By now we are all familiar with the antics of “The Donald.” He promises to “Make America Great Again.” He launched his campaign by boldly proclaiming Mexican immigrants were “rapists.” He has made fun of Senator John McCain, a man who still can’t raise his hands above his shoulders due to injuries sustained by severe torture during the Vietnam War, as “not a war hero.” He drew fire recently for making misogynistic comments about Fox News Anchor Megyn Kelly. He made headlines for insulting Rand Paul on his looks during the most recent GOP presidential debate. He also refuses to offer specifics on how he will fulfill any of his political promises.
Suffice it to say, I’m no fan of Donald Trump.
But the man and his candidacy seem to have proposed an interesting solution to the problem of money and the interference of special interest groups in American politics.
While Trump claims his wealth is $10 billion, and Forbes claims it is $4.5 billion, most analyses can agree that Trump is one of the richest men in America.
Much of the GOP debate last Wednesday, Sept. 16, consisted of candidates bashing the influence of special interest groups, but the money trails don’t lie. When Jeb Bush was questioned by CNN anchor, Jake Tapper, as to whether “the $100 million you’ve raised for your campaign makes you a puppet for your donors. Are you?”
To the anchor, Bush replied, “No. Absolutely not. People are supporting me because I have a proven record of conservative leadership where I cut taxes $19 billion over eight years.”
However, a look at Bush’s top corporate donors for the 2016 election cycle from OpenSecrets.org reveals a veritable who’s who of major American businesses as contributors, with public donations (which are capped according to federal regulations) ranging from $161,100 to $21,600. Private donations to Political Action Committees run into the millions in some cases. For better or for worse, Bush personifies the American establishment candidate and a close examination of his list of corporate donors reveals that his policies, and those of his brother, have benefited many companies on that list. In contrast Trump’s top corporate donors for the 2016 election cycle according to OpenSecrets.org ranged from public donations of $5,000 to $500.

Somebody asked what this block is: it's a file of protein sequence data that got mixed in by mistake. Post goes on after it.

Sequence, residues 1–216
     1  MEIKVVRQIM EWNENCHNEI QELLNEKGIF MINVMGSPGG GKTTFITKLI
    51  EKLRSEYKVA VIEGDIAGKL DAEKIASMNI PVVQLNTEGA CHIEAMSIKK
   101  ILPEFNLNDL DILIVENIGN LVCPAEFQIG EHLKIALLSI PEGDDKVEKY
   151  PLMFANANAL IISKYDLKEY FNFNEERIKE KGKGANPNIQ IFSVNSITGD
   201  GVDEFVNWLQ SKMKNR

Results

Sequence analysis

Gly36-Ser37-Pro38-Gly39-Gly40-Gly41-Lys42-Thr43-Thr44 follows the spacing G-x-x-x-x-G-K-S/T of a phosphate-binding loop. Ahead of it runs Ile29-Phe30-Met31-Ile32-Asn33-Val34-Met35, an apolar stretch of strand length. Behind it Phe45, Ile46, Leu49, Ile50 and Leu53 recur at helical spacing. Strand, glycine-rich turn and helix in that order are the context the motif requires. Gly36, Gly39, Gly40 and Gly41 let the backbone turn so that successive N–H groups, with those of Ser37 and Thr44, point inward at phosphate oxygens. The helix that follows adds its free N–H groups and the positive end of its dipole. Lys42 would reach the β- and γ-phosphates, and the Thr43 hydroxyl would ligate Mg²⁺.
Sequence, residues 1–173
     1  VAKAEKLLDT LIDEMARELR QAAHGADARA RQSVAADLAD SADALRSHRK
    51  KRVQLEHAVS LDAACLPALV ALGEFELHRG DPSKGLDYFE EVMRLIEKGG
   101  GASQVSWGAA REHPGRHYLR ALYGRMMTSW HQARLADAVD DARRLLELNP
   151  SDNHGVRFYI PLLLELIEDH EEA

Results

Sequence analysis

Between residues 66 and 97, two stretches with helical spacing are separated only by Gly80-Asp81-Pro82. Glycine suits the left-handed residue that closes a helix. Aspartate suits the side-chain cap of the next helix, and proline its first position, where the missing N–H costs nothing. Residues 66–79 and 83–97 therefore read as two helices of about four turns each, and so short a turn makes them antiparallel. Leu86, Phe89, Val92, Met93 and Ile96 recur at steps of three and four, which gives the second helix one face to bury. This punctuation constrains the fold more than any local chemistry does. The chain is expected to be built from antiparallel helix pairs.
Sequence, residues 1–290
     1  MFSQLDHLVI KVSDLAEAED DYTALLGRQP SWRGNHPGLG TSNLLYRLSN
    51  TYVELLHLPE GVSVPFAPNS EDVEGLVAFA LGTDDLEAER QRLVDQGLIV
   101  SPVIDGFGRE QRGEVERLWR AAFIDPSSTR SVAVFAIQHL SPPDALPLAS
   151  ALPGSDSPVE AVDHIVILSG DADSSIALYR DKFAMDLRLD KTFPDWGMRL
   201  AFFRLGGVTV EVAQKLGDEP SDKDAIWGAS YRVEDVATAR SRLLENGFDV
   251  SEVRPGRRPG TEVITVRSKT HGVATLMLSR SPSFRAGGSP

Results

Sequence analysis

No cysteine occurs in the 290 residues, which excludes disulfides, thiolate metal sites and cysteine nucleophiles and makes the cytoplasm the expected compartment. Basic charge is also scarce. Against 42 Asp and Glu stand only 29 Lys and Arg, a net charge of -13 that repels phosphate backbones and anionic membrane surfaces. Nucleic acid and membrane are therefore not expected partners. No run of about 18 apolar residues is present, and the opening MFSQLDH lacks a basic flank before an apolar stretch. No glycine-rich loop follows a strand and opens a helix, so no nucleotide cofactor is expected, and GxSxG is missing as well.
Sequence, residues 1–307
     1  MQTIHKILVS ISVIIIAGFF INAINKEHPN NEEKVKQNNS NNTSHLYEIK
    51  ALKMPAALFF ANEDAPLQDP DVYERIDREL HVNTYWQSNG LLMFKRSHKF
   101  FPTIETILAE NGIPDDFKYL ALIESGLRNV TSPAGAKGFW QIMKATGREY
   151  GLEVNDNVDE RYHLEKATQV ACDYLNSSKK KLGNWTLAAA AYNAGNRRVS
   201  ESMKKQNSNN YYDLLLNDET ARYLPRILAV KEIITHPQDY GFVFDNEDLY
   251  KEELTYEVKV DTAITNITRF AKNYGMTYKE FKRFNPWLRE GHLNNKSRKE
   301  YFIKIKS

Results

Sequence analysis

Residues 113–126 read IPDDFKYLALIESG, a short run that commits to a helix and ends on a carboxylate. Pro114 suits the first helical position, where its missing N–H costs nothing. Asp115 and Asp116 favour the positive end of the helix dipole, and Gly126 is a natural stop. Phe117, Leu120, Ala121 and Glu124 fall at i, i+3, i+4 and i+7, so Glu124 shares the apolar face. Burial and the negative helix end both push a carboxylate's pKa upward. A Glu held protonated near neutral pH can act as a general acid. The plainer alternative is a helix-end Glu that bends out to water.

As Trump himself said in the last GOP debate, “I am not accepting any money from anybody. Nobody has control of me other than the people of this country. I’m going to do the right thing.”
Unlike Bush, Trump is not beholden to the politically correct whims of any establishment backers. And while that means no corporate backer can call and threaten to pull their backing of him in order to stop him from spewing his own particular brand of vitriol and circus politics, it also means that “The Donald” doesn’t feel the need to peddle his views for money because he has all the money he needs. His unshakable faith in what he seems to think the problems in modern American society are seems to be proven because he continues to say what he believes, even when it costs him some of his business empire. Earlier this year, NBC refused to air Trump’s Miss America pageant in retaliation for his comments about Mexicans, but that was a price Trump was willing to pay and he made no apologies for saying what he did.
Say what you will about the man, but Trump has his convictions. He holds them to be true, and they stand unsanitized unadulterated by politically correct establishment backers.
That is something American democracy needs to see more of in its politicians.
Rishi Solanki is a second-year majoring in Electrical Engineering and minoring in Finance. He writes on business, politics and campus issues.